Anti-fluoride activists in Portland OR successfully petition to force vote in 2014 on fluoridating Portland’s water supply. City

By Steven DuBois, Associated Press writer
PORTLAND, Ore. (AP) — Portland voters will decide in May whether to add fluoride to the city’s drinking water.
The Portland City Council voted 3-1 Thursday to move up the date of a public referendum that had been set for May 2014. Supporters of the action said it’s important to have the issue settled quickly because Portland children, particularly those from low-income families, have high rates of tooth decay.
“There is no time to waste,” said Commissioner Nick Fish, who approved the measure along with Mayor Sam Adams and Commissioner Randy Leonard.
The council in September unanimously approved a plan to add fluoride by March 2014. Until the vote, Portland was the largest city in the U.S. yet to approve water fluoridation to combat tooth decay.
Opponents, however, quickly gathered more than 30,000 signatures to force a referendum. Under city rules, May 2014 was the earliest date for the election unless the council decided it was in the public interest to schedule an earlier vote.
Kim Kaminski, director of the anti-fluoridation group Clean Water Portland, criticized the decision to speed up the election, saying the council’s “calculated” move leaves the group with insufficient time to educate voters on the cons of adding the mineral to a water supply that serves about 900,000 people.
“There’s not enough time for sufficient public debate on an issue that is so important,” she said before the 3 1/2-hour hearing. “We are talking about our water. What’s the rush?”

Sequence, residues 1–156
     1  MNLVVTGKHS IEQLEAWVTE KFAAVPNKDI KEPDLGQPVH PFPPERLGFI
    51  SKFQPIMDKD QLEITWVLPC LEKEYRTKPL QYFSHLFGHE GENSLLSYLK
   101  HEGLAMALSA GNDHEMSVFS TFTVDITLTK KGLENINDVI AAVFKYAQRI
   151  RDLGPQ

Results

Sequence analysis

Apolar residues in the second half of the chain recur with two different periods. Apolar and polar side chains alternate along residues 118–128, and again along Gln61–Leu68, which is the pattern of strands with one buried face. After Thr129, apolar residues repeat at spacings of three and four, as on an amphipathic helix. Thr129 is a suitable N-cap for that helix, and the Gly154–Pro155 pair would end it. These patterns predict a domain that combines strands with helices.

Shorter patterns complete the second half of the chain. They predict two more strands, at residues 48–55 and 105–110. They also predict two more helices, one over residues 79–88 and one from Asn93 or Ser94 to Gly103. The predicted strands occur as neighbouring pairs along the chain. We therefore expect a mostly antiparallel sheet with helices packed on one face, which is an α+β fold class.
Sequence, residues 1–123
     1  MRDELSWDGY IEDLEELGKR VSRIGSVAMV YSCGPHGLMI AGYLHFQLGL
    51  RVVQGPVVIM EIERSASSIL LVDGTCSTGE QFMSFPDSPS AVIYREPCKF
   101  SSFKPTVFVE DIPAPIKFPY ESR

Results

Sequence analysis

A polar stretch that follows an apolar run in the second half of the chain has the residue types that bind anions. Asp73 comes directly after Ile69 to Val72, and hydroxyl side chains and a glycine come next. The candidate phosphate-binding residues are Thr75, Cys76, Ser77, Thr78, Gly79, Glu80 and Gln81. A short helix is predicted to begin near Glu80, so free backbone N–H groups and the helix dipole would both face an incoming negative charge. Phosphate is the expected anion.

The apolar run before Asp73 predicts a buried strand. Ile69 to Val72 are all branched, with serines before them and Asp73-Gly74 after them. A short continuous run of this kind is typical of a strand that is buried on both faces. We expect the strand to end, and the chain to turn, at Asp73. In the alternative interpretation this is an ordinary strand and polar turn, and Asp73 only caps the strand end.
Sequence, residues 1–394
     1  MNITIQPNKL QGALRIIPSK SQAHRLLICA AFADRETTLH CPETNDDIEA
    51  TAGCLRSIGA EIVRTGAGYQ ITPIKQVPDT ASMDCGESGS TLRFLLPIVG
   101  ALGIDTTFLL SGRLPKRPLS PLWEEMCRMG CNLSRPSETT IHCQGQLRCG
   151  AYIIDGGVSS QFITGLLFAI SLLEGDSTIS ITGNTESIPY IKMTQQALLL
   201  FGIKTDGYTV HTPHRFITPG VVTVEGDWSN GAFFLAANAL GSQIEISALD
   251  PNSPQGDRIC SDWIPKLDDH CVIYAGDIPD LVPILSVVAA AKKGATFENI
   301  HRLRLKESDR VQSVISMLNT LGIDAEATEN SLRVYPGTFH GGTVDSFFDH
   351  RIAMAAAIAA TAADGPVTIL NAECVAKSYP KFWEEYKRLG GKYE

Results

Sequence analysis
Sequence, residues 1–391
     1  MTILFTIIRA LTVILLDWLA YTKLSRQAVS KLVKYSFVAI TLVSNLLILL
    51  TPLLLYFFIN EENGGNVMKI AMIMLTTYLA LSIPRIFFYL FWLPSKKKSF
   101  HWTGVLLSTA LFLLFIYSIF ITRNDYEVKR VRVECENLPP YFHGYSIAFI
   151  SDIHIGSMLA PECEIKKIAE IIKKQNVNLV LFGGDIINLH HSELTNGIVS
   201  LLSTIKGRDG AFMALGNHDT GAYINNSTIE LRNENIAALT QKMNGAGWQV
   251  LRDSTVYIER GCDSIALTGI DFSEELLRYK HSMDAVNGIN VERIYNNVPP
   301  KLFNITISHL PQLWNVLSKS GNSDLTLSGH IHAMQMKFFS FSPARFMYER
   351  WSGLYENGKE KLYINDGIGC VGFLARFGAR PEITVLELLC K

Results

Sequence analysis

Opponents of public fluoridation contend it is unsafe and violates an individual’s right to consent to medication.
Members of Clean Water Portland called for an independent scientific review of the latest research so voters can make an informed decision. They said a panel of experts would need more than a few months to adequately investigate the safety of fluoridation.
“This is not a sound-bite issue, but it’s been made into a sound-bite issue,” fluoride opponent Rick North said. “It’s complex, and it’s far-reaching.”
Dental and public health professionals told the council there was no need for additional scientific review because the subject has been studied for decades. Seventy-three percent of the U.S. population drinks water treated with fluoride — more than three times the rate in Oregon.
Mel Rader, project director for Upstream Public Health, displayed a stack of studies during his testimony. He said the research found no evidence that fluoride, at proper levels, does anything more than harden teeth to make them resistant to decay.
“The calls for more science are designed to delay, not deepen our debate,” he said.
Portland’s drinking water already contains naturally occurring fluoride, though not at levels considered to be effective at fighting cavities.
Voters in Portland twice rejected fluoridation before approving it in 1978. That plan was overturned before any fluoride was ever added to the water.

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